Rodri has had a meteoric rise in the past couple of seasons. The smooth midfielder is already one of the best in his position in the world. His playing style has an unerring efficiency and absurd but deceptive simplicity. His ability to receive the ball, invite pressure; just to drop his shoulder and release the ball is majestic. His technical and tactical sagacity makes him one of those who’ve got ‘Pep Guardiola player’ written all over him.
Rodri has a knack of keeping the game flowing, spraying passes all over the field. His numbers match the eye test. His passing accuracy across the season was at a ridiculous 92.5% compared to Fernandinho’s 89.7%. Though Fernandinho played more long balls: with his 4.44 long balls per game to Rodri’s 4.41, Rodri had a vastly superior accuracy. His long ball conversion rate was at 71.3% to Fernandinho’s 59%.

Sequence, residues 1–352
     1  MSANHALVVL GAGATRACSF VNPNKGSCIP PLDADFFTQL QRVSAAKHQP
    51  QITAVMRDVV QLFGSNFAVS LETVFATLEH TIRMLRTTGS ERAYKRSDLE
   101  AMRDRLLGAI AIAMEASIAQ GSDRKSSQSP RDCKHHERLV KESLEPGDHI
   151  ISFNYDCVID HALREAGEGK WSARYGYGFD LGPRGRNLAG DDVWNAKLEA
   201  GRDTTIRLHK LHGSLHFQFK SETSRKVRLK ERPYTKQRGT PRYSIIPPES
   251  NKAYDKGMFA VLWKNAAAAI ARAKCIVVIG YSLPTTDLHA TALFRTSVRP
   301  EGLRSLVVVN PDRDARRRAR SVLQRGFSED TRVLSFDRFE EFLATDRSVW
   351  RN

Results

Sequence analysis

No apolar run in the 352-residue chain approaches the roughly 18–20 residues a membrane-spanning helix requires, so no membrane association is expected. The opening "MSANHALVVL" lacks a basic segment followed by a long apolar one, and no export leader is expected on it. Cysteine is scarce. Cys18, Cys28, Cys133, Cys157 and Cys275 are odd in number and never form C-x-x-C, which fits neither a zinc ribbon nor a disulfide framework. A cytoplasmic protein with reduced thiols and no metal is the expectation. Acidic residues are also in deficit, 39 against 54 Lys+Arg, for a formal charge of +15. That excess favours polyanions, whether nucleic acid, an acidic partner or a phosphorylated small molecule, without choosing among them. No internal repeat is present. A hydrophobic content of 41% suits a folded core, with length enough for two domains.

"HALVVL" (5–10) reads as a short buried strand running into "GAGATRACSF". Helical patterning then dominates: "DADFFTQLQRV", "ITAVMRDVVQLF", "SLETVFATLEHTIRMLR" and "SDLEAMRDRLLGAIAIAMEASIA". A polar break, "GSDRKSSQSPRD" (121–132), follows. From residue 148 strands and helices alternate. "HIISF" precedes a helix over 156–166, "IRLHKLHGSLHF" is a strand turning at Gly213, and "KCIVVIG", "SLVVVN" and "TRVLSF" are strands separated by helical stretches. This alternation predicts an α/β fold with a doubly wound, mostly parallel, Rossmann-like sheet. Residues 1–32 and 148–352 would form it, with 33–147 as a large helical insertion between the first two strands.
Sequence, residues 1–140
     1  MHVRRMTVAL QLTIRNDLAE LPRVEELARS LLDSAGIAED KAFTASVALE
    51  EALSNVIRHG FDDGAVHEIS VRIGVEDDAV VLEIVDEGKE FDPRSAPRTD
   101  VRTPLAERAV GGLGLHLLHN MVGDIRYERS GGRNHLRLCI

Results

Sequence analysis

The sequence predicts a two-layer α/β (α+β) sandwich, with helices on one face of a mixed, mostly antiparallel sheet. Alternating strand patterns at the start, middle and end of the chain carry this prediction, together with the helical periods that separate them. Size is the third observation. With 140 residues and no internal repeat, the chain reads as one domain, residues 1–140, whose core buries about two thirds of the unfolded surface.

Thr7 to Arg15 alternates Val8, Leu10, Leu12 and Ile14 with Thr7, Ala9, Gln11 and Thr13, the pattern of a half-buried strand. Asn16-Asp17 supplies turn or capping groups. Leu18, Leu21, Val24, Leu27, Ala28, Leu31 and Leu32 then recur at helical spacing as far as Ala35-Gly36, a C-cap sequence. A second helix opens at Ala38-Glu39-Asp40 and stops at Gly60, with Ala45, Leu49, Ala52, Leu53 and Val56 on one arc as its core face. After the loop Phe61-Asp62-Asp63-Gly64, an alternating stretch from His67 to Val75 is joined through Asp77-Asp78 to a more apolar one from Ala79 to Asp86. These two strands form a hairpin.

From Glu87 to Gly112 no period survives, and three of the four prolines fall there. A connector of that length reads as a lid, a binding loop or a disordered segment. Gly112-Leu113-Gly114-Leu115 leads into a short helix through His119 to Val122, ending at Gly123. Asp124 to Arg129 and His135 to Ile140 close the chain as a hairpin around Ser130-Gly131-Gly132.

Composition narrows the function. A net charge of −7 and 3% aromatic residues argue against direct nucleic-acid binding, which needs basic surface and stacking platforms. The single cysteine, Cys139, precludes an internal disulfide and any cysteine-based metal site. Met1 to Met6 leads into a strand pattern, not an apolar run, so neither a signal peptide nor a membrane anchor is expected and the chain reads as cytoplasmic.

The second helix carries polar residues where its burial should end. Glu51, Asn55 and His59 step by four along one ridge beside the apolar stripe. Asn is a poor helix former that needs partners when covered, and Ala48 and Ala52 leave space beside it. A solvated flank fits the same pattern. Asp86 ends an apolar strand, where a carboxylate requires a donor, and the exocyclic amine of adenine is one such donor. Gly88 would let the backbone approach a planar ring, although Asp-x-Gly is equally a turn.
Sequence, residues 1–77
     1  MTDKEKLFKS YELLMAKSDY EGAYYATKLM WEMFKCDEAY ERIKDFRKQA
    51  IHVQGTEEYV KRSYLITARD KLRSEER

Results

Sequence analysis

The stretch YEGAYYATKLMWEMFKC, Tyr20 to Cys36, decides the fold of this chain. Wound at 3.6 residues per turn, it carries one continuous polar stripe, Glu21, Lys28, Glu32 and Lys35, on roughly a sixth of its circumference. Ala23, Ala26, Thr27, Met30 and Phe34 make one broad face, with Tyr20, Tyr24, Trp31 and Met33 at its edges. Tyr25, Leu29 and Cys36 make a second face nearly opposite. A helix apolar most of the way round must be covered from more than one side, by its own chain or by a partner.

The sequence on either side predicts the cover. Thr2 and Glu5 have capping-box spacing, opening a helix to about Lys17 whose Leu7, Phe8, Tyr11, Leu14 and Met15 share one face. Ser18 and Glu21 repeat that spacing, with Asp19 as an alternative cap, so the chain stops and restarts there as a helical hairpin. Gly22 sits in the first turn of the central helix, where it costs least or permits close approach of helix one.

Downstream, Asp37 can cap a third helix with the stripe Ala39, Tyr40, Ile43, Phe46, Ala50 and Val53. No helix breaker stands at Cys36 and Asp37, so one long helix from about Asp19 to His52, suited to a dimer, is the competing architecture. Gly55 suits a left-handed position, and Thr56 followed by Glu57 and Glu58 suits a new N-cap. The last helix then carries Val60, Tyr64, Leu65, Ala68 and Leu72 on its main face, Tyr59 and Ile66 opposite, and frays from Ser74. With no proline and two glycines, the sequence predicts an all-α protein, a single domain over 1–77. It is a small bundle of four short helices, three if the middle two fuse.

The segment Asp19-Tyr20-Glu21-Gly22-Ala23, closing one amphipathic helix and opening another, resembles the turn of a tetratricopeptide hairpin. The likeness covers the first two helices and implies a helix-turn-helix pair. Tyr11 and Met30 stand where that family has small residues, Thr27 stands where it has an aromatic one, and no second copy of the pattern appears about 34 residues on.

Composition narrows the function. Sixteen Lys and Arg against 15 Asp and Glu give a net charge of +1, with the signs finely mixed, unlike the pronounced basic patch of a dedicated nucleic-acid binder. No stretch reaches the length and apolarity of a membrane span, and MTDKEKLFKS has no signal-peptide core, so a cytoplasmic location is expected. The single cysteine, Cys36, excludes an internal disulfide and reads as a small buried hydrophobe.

Rodri is a more dynamic player of the two. In a defensive Atlético Madrid team, he completed 1.47 dribbles per game (84.3%) to the Brazilan’s 1.43 at 71.8% success rate.
Any artistic player is often like an artist who’s been handed a paintbrush by their manager to paint a masterpiece on the football canvas. Then there are workhorses: the Claude Makélélés, the N’Golo Kantés, players who do the dirty work allowing the artists to express themselves. Rodri has consistently shown that his artistic ability coexists with his defensive nous. At an average, he won 21.7 duels, had 5.48 interceptions and 11.69 ball recoveries in the opponents half. Compared to that Fernandinho had the following numbers: 19.9, 4.98 and 10.19 respectively.
There’s a reason why Manchester City has faced an impossible task to replace Fernandinho. They’ve tried to shoehorn different players with little success. He’s a jack of all trades and master of one. He’s a brainiac who’s mastered Pep’s system with uncanny ability to always be at the right position defensively. His covers a lot of ground, vastly superior to the Spaniard :